Church at Home for Easter Sunday

Easter Sunday

Sunday Church at Home

during lockdown in the Coronavirus Pandemic

The Resurrection of the Lord.

 

Prepare a prayer centre with an Easter candle, a bowl of water with a little branch with leaves to sprinkle, and a crucifix. If you have been able to collect Easter Water from the church, you can use it for sprinkling. If you do not have Easter Water, the liturgy includes a prayer of blessing for the water.

The lay leader makes the sign of the cross, saying:

Leader: In the name of the Father, and of the Son, and of the Holy Spirit.

All reply: Amen

Leader: Grace to you and peace from God our Father and the Lord Jesus Christ.

All reply: Blessed be God for ever

Leader: This Easter morning we gather for a most unusual Easter celebration. The coronavirus pandemic threatens to overwhelm us, yet the Church insistently proclaims: Christ is risen! We still celebrate the central mystery of our faith, the resurrection of Jesus Christ from the dead. He suffered on the cross and died for us, but now he has conquered death and fear! Easter is the greatest and the most important feast in the Church. Easter is a feast which gives us hope and encouragement in this world of pain, sorrows, and tears. It reminds us that life is worth living. It is our belief in the Real Presence of the Risen Jesus in our souls, in the Church, in the Blessed Sacrament, and in Heaven that gives meaning to our personal as well as our communal prayer.

LITURGY OF THE WORD

First Reading: Acts 10:34a.37-43

Introduction to the reading:The Apostle Peter was originally skeptical about preaching the Gospel to non-Jews, but one day, the Holy Spirit summoned him to preach to a Gentile – the pagan army officer Cornelius and his household.Today’s passage is a portion of Peter’s sermon, which summarizes the life and ministry of Jesus.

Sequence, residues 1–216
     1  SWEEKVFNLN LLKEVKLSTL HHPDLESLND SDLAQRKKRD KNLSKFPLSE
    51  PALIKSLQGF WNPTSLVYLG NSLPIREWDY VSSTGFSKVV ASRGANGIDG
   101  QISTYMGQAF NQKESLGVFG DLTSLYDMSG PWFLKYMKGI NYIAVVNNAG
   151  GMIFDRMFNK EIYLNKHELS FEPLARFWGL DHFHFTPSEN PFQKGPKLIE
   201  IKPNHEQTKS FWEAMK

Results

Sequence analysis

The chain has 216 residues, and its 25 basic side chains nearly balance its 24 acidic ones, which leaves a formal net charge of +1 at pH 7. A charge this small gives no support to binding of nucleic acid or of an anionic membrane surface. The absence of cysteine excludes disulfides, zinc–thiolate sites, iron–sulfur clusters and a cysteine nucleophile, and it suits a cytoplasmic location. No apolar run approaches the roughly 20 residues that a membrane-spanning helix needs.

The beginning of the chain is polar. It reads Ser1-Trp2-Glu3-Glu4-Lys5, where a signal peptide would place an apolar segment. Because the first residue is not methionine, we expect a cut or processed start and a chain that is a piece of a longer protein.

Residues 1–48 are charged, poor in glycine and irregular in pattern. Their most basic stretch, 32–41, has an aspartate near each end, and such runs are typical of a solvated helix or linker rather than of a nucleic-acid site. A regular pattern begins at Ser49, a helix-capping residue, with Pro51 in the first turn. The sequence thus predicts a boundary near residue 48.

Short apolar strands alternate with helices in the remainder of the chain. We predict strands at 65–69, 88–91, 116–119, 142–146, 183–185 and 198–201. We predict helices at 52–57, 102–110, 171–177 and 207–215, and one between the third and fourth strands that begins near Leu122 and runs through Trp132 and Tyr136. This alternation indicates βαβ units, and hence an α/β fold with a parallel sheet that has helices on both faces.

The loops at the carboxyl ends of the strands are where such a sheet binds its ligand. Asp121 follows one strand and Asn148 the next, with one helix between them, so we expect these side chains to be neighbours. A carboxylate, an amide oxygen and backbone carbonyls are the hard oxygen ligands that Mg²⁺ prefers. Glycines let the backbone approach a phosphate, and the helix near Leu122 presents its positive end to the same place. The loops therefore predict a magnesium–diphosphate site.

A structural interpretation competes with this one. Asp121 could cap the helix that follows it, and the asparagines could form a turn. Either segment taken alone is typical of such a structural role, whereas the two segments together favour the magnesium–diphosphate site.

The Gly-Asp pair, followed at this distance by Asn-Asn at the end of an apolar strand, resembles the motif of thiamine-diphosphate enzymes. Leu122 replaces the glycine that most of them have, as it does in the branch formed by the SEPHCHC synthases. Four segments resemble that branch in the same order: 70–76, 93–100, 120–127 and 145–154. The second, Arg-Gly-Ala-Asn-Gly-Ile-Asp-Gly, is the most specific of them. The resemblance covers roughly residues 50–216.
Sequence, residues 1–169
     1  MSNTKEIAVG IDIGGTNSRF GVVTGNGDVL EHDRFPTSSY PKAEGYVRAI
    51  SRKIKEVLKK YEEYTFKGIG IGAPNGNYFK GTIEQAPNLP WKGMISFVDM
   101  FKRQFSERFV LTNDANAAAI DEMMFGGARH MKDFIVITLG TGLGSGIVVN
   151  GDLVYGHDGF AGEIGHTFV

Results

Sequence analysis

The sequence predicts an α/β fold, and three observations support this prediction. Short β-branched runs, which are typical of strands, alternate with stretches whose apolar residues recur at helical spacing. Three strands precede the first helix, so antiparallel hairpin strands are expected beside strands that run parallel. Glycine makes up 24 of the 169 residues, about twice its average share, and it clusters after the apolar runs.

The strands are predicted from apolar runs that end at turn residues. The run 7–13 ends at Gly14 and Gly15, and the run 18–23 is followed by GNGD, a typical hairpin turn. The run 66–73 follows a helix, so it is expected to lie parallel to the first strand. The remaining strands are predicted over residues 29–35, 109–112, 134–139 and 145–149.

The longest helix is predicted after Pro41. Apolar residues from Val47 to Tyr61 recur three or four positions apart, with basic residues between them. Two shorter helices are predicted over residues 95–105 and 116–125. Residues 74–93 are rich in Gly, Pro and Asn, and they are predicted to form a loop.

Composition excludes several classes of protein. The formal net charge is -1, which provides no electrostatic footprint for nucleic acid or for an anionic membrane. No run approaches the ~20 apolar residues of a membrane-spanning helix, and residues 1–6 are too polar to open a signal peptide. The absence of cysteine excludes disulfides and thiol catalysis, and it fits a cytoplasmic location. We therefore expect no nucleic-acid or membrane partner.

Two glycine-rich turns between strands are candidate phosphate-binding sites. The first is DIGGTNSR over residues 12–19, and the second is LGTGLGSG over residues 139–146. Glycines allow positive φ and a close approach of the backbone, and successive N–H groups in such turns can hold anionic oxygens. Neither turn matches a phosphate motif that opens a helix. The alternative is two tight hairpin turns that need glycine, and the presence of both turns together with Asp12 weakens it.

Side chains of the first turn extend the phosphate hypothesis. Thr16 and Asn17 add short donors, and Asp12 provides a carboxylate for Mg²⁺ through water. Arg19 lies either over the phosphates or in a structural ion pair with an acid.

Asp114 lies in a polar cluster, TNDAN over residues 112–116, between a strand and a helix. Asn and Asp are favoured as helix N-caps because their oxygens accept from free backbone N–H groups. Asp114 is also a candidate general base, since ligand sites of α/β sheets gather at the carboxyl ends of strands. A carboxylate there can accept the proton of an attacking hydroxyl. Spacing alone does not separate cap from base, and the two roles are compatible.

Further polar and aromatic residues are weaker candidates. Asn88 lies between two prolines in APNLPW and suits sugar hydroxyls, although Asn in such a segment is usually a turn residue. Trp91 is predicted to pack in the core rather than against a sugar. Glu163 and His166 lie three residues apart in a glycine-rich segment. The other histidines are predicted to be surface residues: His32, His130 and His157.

A reading from the Acts of the Apostles

In those days:
Peter opened his mouth and said:
“You know the word which was proclaimed throughout all Judea, beginning from Galilee after the baptism which John preached:
how God anointed Jesus of Nazareth
with the Holy Spirit and with power;
how he went about doing good
and healing all that were oppressed by the devil,
for God was with him.
And we are witnesses to all that he did
both in the country of the Jews and in Jerusalem.
They put him to death by hanging him on a tree,
but God raised him on the third day and made him manifest;
not to all the people
but to us who were chosen by God as witnesses,
who ate and drank with him after he rose from the dead.
And he commanded us to preach to the people,
and to testify that he is the one ordained by God
to be the judge of the living and the dead.
To him, all the prophets bear witness
that everyone who believes in him
receives forgiveness of sins through his name.”

The word of the Lord.

Responsorial Psalm: Psalm 118:1-2.15c-17.22-23 (R. 24)

Let us pray the Responsorial Psalm:

R/. This is the day the Lord has made;
let us rejoice in it and be glad.

Give praise to the Lord, for he is good;
his mercy endures forever.
Let the house of Israel say,
“His mercy endures forever.”

“The Lord’s right hand has done mighty deeds;
his right hand is exalted.
The Lord’s hand has done mighty deeds.”
I shall not die, I shall live
and recount the deeds of the Lord

The stone that the builders rejected
has become the cornerstone.
By the Lord has this been done,
a marvel in our eyes.

R/. This is the day the Lord has made;
let us rejoice in it and be glad.

Second Reading: Colossians 3:1-4

Introduction to the reading: The letter to the Colossians depicts Christ as the only mediator between God and the world.A previous passage of the letter presented baptism as the way we are united with Christ.The author will today remind us of the heights to which Christ has raised us, and they call upon us to live up to this.

A reading from the Letter of Saint Paul to the Colossians.

Brothers and Sisters: